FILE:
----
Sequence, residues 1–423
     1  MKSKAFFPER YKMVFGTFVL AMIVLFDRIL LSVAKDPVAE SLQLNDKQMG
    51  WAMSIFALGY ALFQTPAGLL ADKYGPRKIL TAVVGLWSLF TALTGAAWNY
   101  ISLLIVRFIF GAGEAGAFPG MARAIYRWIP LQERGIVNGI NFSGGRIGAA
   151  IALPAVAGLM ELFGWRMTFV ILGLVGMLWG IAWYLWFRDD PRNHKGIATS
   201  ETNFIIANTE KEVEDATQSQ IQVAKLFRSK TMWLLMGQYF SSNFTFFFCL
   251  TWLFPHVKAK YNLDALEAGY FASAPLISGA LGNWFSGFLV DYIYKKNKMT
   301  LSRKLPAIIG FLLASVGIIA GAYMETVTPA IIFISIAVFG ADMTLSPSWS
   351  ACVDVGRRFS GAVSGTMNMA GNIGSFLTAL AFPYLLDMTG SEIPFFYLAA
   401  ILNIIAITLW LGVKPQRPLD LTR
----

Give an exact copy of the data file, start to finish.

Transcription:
Sequence, residues 1–423
     1  MKSKAFFPER YKMVFGTFVL AMIVLFDRIL LSVAKDPVAE SLQLNDKQMG
    51  WAMSIFALGY ALFQTPAGLL ADKYGPRKIL TAVVGLWSLF TALTGAAWNY
   101  ISLLIVRFIF GAGEAGAFPG MARAIYRWIP LQERGIVNGI NFSGGRIGAA
   151  IALPAVAGLM ELFGWRMTFV ILGLVGMLWG IAWYLWFRDD PRNHKGIATS
   201  ETNFIIANTE KEVEDATQSQ IQVAKLFRSK TMWLLMGQYF SSNFTFFFCL
   251  TWLFPHVKAK YNLDALEAGY FASAPLISGA LGNWFSGFLV DYIYKKNKMT
   301  LSRKLPAIIG FLLASVGIIA GAYMETVTPA IIFISIAVFG ADMTLSPSWS
   351  ACVDVGRRFS GAVSGTMNMA GNIGSFLTAL AFPYLLDMTG SEIPFFYLAA
   401  ILNIIAITLW LGVKPQRPLD LTR